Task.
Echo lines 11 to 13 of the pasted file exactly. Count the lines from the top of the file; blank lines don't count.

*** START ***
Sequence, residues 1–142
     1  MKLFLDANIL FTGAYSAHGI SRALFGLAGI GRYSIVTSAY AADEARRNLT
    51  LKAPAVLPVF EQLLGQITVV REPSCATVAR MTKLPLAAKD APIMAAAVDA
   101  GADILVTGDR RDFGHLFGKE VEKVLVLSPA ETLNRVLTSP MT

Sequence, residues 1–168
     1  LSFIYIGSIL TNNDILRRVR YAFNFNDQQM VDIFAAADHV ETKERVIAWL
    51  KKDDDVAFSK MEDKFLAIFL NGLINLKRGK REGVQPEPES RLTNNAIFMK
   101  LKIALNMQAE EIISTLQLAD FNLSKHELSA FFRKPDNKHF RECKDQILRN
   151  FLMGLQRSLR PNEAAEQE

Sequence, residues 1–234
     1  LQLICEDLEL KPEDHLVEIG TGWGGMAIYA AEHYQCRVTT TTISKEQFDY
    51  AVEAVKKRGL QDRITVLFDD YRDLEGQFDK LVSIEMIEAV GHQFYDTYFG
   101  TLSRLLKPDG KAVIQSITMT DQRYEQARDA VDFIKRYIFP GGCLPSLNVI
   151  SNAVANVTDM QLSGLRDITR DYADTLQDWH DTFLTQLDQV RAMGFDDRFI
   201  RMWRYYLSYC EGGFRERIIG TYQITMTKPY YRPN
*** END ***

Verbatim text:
     1  LQLICEDLEL KPEDHLVEIG TGWGGMAIYA AEHYQCRVTT TTISKEQFDY
    51  AVEAVKKRGL QDRITVLFDD YRDLEGQFDK LVSIEMIEAV GHQFYDTYFG
   101  TLSRLLKPDG KAVIQSITMT DQRYEQARDA VDFIKRYIFP GGCLPSLNVI